How The Time War Shaped Rebooted Doctor Who
The idea of the Time War helped to develop the revamped Doctor Who by achieving three seemingly impossible goals. First, it helped to reestablish The Doctor as a figure of mystery after far too many stories had attempted to pigeon-hole his background and define his history. Second, the Time War helped to level the playing field between fans of the original series and new viewers, creating a new story that paid tribute to the legacy of Doctor Who while still being accessible to those who couldn't spot the subtle shout-outs to Genesis of the Daleks. Finally, the Time War created a handy excuse for explaining away any stories that seemed to contradict the greater continuity of the series as a side-effect of the Time War and an ever-shifting universe.
These ideas helped to develop the series throughout Russell T. Davies' time as Doctor Who's showrunner, all the way through the end of the era of the 10th Doctor (David Tennant). By making the series more accessible to new viewers, Davies helped to expand the audience, allowing Doctor Who to grow into an international sensation rather than a niche program that appealed to only a few viewers outside of the United Kingdom. Restoring the sense of mystery that had been an integral part of the series since the beginning and the idea of The Doctor being a semi-sinister being who couldn't always be trusted to do what seemed to be the right thing by human standards also endeared the revamped series to fans of the classic Doctor Who episodes.
How Steven Moffat Changed The Time War
While Davies concept for the Time War was ingenious, his successor, Steven Moffat, was able to build upon it brilliantly. One of the unfortunate side-effects of Davies' run was that he was forced to undo certain aspects of The Time War and his idea of The Doctor being the last of the Time Lords with every passing season. By the time Davies ended his run, both the Dalek Emperor and Davros were revealed to have survived the Time War, along with The Master. Realizing that the Time War had served its purpose, but that removing the Daleks and the Time Lords eliminated too many possibilities for future stories, Moffat began laying the groundwork to undo the effects of the Time War while still allowing its legacy to go on.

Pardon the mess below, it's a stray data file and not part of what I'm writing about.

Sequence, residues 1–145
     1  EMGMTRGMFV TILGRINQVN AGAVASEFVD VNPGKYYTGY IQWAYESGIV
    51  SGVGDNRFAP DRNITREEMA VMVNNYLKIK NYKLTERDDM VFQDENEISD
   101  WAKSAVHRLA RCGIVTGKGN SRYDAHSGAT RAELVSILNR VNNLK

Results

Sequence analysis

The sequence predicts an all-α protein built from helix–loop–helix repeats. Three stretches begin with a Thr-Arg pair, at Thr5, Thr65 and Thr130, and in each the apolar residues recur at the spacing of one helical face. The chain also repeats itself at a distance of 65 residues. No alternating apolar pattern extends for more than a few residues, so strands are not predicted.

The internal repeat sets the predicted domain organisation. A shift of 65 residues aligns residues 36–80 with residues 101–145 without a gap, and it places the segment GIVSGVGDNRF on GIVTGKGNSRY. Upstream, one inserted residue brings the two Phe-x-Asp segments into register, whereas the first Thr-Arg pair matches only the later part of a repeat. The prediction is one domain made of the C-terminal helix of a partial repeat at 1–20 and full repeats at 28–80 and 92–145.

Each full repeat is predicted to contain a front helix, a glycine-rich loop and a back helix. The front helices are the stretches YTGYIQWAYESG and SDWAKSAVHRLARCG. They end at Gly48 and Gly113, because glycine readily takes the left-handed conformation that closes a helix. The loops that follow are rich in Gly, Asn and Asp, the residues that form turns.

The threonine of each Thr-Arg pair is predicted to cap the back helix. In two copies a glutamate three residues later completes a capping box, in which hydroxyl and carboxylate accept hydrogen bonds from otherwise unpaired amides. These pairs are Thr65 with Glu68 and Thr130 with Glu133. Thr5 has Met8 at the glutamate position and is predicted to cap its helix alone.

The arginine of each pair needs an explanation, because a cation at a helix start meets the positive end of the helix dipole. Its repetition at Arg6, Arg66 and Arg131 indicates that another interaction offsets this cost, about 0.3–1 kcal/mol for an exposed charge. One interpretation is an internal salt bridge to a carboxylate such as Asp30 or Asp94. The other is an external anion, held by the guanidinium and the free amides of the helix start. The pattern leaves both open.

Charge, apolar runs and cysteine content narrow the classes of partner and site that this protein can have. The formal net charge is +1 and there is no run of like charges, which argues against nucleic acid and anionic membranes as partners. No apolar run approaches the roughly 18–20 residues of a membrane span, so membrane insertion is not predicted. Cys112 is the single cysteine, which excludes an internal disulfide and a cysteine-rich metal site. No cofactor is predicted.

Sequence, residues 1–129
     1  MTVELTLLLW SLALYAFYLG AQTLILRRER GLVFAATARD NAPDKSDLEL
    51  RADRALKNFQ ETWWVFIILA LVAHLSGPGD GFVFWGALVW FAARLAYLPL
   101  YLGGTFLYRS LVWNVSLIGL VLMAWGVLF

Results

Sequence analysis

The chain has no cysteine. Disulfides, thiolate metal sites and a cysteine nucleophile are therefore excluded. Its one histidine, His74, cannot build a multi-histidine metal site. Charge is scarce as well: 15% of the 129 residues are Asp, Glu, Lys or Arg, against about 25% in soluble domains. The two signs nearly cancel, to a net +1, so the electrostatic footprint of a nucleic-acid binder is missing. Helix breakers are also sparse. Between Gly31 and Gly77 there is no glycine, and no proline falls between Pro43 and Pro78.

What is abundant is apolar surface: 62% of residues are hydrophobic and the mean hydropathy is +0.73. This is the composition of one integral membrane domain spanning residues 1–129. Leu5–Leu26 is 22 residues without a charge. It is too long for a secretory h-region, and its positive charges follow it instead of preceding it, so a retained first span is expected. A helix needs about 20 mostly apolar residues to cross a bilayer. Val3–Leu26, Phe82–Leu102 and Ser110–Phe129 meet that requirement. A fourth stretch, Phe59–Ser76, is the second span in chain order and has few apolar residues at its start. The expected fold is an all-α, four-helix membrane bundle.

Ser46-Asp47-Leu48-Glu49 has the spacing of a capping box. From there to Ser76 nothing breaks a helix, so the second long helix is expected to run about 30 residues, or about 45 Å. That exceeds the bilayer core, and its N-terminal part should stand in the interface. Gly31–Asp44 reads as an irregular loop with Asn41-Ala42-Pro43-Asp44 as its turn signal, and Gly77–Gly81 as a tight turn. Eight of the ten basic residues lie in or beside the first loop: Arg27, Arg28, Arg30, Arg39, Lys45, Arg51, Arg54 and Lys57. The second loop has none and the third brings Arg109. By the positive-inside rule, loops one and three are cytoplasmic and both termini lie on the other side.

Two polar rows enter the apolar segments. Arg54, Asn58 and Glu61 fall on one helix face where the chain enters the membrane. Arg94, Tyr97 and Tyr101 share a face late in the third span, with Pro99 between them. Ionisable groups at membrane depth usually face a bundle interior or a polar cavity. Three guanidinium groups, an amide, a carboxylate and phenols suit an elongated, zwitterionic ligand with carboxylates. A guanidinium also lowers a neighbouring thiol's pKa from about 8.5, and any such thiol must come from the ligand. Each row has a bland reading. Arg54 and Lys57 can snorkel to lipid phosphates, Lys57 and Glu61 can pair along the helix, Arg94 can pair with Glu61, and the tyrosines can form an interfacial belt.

Moffat's grand plan began with the season 7 finale, "The Name of The Doctor," and the revelation that The Doctor had an unknown incarnation who had existed during the Time War. Played by John Hurt, this regeneration came to be known as The War Doctor, but he denied himself the name of The Doctor due to his abandoning his pacifist ways to fight alongside the rest of the Time Lords. This was further explored in "The Night of The Doctor;" a mini-episode starring Paul McGann's 8th Doctor. In addition to setting the stage for how The War Doctor was born, the special also gave McGann, who had only played The Doctor on film once in the failed 1996 pilot movie for a new Doctor Who series, a chance to film his Doctor's regeneration scene and officially bring his tenure as The Doctor to an definitive close.